As a consumer I am eagerly anticipating AmazonFresh delivery but an Amazon shareholder should wonder how long the rollout will take before cross-shopping profits will show up, if ever. In other words, don't buy Amazon on this grocery initiative alone. If you want a grocery stock Safeway has a 3.50% yield and a trailing P/E of 8.44. Of course, the shorts are betting big against Safeway at 23%. The supermarkets won once on price and could do it again.

Whole Foods will feel the brunt of online delivery more than Safeway, but even if Amazon is accelerating the pace of the rollout Whole Foods earnings shouldn't be affected for several years. People who can afford it still love to shop at Whole Foods for the experience. It trades at a 36 trailing P/E and offers a .80% yield.

Why buy Amazon at all?

Buying Amazon has always involved a certain leap of faith with a forward P/E in the '80s. Nonetheless, investors have been rewarded trusting CEO Jeff Bezos and his magic beans. 

Buy Amazon for its role as the e-commerce leading retailer, for its cloud component or even for its foray into creating original entertainment content. Buy it for its Prime membership and all its varied specialty shopping sites but don't buy it thinking AmazonFresh is the newest bag of beans. These beans will be slow to take root. By mid-2014 investors should have a much better idea how AmazonFresh is a growth driver.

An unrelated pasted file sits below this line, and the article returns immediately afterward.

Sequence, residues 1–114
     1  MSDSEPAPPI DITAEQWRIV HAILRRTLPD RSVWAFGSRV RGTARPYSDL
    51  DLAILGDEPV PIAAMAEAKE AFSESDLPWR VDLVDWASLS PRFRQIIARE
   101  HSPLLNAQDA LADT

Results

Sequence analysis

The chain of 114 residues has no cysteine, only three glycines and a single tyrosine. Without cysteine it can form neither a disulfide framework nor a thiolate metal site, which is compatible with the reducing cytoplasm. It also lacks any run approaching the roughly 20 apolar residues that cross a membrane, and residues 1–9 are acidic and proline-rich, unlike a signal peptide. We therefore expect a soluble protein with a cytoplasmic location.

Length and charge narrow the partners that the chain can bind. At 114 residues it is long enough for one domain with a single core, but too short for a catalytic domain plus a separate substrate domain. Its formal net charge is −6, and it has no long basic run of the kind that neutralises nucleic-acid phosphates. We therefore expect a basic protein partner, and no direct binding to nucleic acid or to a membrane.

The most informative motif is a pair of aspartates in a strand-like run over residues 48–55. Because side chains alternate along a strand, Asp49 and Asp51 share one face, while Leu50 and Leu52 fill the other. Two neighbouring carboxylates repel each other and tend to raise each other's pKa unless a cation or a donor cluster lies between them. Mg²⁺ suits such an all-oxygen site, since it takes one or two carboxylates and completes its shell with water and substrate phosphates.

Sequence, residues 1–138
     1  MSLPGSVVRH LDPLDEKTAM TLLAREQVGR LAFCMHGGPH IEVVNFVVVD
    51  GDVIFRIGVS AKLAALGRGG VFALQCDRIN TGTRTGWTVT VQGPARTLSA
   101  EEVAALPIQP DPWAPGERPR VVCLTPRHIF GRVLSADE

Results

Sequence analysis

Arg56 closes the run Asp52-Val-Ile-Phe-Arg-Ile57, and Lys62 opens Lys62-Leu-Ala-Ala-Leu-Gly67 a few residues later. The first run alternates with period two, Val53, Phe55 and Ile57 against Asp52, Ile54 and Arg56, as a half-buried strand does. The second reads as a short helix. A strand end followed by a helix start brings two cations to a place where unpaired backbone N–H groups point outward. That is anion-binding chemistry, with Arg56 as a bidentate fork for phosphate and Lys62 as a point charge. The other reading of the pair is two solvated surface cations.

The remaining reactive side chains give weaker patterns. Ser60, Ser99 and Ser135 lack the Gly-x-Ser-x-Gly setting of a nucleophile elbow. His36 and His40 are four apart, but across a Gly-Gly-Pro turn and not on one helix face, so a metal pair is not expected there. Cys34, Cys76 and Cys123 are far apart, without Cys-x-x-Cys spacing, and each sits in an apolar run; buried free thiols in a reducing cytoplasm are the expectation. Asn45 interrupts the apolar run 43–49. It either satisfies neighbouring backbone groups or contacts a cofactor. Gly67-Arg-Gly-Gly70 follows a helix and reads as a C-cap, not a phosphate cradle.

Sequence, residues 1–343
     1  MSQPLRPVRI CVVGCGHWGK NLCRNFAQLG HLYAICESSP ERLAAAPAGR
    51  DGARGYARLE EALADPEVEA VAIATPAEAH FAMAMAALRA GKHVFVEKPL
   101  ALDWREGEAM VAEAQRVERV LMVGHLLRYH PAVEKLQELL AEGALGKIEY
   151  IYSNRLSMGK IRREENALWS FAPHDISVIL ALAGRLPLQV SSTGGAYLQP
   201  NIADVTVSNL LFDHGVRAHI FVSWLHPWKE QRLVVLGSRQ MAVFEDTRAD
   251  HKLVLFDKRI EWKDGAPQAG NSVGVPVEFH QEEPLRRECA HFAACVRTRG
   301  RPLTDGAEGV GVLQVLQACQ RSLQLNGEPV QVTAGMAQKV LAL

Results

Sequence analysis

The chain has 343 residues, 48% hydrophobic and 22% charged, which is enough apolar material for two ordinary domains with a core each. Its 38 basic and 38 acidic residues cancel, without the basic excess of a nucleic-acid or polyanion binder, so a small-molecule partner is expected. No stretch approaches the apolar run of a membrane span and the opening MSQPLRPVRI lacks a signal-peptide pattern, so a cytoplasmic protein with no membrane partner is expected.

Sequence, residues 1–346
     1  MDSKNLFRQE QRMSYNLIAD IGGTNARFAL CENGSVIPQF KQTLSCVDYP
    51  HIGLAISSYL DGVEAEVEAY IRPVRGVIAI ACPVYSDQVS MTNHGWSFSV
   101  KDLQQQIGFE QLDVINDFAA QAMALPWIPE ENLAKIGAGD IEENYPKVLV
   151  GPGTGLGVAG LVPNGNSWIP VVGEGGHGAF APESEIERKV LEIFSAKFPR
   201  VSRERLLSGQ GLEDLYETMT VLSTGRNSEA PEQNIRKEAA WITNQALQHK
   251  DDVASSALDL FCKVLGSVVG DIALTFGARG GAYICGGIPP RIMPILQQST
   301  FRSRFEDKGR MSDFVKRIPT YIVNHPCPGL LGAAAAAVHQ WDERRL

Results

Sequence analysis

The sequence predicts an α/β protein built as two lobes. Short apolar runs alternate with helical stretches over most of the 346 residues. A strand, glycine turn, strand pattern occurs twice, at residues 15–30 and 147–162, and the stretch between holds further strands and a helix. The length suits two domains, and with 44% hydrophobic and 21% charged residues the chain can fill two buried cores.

The retail space is in the midst of the biggest paradigm shift since mail order took off at the turn of last century. Only those most forward-looking and capable companies will survive, and they'll handsomely reward those investors who understand the landscape. You can read about the 3 Companies Ready to Rule Retail in The Motley Fool's special report. Uncovering these top picks is free today; just click here to read more.

AnnaLisa Kraft has no position in any stocks mentioned. The Motley Fool recommends and Whole Foods Market. The Motley Fool owns shares of and Whole Foods Market. Try any of our Foolish newsletter services free for 30 days. We Fools may not all hold the same opinions, but we all believe that considering a diverse range of insights makes us better investors. The Motley Fool has a disclosure policy. Is this post wrong? Click here. Think you can do better? Join us and write your own!